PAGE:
The FU Pan: ’57 Harley Panhead by Schmidt Motos

Panhead Chopper

A Panhead chopper with one-off stainless steel frame and springer forks…

The Harley-Davidson “Panhead” engine was produced from 1948-1965, earning its nickname for the signature rocker covers, which resemble a pair of pie pans. Available in 61 and 74 cubic-inch displacements, the engine is perhaps best-known for powering the “Captain America” chopper and “Billy Bike” in Easy Rider.  Says Sump magazine of the original FL Panhead:

Presence: Even the blind will see you coming…
Sound: … and even the deaf will hear your approach.

Panhead Chopper

Enter Bryce Schmidt, a 36 year-old machinist who started his own workshop, Schmidt Motos, about 2.5 years ago, specializing in custom fabrication and machined parts. Previously, we featured Bryce’s turbocharged Sportster 1200R, boasting a T15 turbo and monoshock chassis, which earned him an invitation to the 2019 Handbuilt Show.

Panhead Chopper

Now the Kansas machinist is back with this hand-built ’57 Panhead — aptly named “The FU Pan” –which showcases some truly staggering fabrication work, including a one-off stainless steel frame and springer forks:

“I’ve always wanted to build a stainless steel frame so I just decided one day to get started.”

Panhead Chopper

Of course, stainless steel is an unforgiving material to work with — not only can it warp and distort under excessive welding heat, but it tends to show just about every blemish and scratch left behind. That makes Bryce’s stainless work all the more impressive.

Panhead Chopper

But the surprises don’t stop there. Bryce designed and manually machined the front cylinder, complete with exposed pushrods, — he’s got 113 hours in that single piece alone — and he also designed and fabricated the invader-style wheels. All in all, he has some 900 hours in the build.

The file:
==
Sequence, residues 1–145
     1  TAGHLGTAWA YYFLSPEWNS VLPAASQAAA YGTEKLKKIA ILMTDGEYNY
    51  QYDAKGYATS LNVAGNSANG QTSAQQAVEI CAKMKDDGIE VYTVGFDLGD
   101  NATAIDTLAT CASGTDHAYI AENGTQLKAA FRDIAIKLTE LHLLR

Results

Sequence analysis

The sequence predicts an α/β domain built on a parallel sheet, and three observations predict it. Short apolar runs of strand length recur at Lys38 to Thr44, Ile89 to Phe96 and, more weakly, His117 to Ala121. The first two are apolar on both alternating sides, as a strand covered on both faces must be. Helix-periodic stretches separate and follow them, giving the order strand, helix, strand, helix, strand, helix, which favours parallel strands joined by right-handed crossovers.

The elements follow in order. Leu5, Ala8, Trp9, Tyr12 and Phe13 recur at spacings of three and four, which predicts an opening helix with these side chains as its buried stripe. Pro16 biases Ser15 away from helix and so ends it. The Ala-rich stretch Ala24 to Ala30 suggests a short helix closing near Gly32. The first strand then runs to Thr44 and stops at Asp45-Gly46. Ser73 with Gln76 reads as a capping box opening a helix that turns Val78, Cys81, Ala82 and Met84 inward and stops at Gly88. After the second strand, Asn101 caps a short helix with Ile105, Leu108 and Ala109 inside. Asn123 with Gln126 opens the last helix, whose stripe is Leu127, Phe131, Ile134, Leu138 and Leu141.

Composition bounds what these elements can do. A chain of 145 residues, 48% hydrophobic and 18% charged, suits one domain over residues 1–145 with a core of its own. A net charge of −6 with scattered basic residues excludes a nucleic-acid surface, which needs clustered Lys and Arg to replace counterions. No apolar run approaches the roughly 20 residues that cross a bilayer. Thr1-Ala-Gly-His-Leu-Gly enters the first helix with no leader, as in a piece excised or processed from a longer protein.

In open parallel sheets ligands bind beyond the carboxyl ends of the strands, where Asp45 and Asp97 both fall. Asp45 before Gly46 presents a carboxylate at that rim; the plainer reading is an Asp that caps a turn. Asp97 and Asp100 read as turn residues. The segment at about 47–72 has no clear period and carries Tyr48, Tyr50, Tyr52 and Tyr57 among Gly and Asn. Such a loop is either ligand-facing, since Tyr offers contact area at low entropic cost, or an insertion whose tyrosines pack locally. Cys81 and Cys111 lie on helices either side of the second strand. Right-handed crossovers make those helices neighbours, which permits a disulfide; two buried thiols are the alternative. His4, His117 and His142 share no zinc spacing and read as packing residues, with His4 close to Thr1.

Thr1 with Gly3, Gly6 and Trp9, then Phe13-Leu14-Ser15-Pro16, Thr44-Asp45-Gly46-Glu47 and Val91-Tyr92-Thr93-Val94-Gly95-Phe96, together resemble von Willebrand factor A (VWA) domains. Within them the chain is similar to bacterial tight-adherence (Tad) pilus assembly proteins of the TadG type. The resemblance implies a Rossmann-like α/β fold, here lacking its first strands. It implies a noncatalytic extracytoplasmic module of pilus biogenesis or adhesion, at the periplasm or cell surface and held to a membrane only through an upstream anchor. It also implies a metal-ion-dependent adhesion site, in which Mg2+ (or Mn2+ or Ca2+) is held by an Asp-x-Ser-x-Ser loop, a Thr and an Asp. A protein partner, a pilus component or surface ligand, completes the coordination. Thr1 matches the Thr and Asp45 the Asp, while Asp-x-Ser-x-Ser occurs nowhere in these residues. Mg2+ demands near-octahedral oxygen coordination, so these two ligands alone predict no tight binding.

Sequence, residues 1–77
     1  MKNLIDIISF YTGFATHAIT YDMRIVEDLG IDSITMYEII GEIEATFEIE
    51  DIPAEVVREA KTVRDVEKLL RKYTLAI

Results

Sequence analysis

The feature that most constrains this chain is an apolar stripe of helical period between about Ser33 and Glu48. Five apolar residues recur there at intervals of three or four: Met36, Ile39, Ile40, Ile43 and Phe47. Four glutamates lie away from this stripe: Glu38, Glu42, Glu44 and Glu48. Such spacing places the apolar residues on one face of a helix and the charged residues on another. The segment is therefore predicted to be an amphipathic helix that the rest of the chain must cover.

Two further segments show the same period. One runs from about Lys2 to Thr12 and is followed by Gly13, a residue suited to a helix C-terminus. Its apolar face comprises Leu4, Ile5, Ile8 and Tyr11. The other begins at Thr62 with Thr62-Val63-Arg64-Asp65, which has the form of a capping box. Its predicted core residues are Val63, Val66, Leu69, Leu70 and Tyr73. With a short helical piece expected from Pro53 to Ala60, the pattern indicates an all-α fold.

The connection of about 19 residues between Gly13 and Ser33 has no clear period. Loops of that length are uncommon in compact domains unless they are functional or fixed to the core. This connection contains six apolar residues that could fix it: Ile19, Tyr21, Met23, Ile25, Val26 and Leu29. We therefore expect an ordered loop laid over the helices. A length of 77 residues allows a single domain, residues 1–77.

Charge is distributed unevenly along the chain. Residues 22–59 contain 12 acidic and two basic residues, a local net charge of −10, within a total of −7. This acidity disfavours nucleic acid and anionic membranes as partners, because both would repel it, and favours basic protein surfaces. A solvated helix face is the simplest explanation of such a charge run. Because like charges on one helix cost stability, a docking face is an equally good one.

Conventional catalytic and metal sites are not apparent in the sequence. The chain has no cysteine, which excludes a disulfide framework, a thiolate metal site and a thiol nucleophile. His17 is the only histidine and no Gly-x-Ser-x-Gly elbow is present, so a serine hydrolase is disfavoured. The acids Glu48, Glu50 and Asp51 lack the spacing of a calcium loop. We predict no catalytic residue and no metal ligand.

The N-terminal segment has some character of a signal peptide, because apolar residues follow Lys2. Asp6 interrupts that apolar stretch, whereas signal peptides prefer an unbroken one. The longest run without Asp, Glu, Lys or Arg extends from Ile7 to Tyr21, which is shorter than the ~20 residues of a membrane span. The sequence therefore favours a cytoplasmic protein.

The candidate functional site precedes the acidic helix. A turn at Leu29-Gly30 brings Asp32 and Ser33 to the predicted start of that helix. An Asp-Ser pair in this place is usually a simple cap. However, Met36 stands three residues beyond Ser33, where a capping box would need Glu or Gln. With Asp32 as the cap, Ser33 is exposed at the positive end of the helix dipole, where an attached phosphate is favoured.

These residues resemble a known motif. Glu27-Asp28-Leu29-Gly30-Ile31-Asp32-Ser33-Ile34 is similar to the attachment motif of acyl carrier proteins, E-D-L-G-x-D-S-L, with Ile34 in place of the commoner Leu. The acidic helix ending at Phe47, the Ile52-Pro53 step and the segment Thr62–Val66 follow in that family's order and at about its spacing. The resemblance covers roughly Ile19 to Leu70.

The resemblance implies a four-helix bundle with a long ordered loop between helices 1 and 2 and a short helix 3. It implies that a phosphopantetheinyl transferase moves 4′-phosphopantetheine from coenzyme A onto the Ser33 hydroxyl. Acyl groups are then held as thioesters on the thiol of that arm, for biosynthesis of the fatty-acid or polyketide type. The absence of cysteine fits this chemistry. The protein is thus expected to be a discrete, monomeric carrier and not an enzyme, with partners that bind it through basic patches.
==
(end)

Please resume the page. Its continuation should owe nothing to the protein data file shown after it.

Panhead Chopper

The result is one of the most impressive choppers we’ve seen, a lightweight stainless Panhead that’s worthy of the term “hand-built,” sure to turn heads online and in the metal as soon as the show circuit opens back up.

Panhead Chopper: Builder Interview

Panhead Chopper

• Please tell us a bit about yourself, your history with motorcycles, and your workshop.

I’m a 36 year old machinist by trade but started my own shop “Schmidt Motos” about 2-1/2 years ago. I specialize in custom fabrication and machined parts.

• What’s the make, model, and year of the bike?

The engine is a 1957 Harley Panhead. The rest is all a hand-built design.

• Why was this bike built?

I built the bike for myself.

• What was the design concept and what influenced the build?

I’ve always wanted to build a stainless steel frame so I just decided one day to get started.

• What custom work was done to the bike?

One-off stainless frame and stainless springer front end. Handmade billet aluminum front cylinder with exposed pushrods, my design and fab of the invader wheels.

Panhead Chopper

One-off clear Pyrex oil tank. Pretty much the entire bike is one-off handmade parts. Build time for the entire bike was a little over 900 hours.

• Does the bike have a nickname?

“The FU Pan.”

Panhead Chopper

• Can you tell us what it’s like to ride this bike?

It feels super light, weighing in at 420lbs and being pretty low it’s super easy to handle, but the foot clutch, hand shift takes a minute to get used too.

Panhead Chopper

• Was there anything done during this build that you are particularly proud of?

I’d say designing and manually machining the front cylinder is what I’m most proud of. I’ve got 113 hours alone from start to finish in just that single piece. I’m also pretty proud of the invader wheels too.

Panhead Chopper

Follow the Builder @schmidt_motos

2 Comments

  1. Walter Savage made the shift knob and gave it to Bryce.

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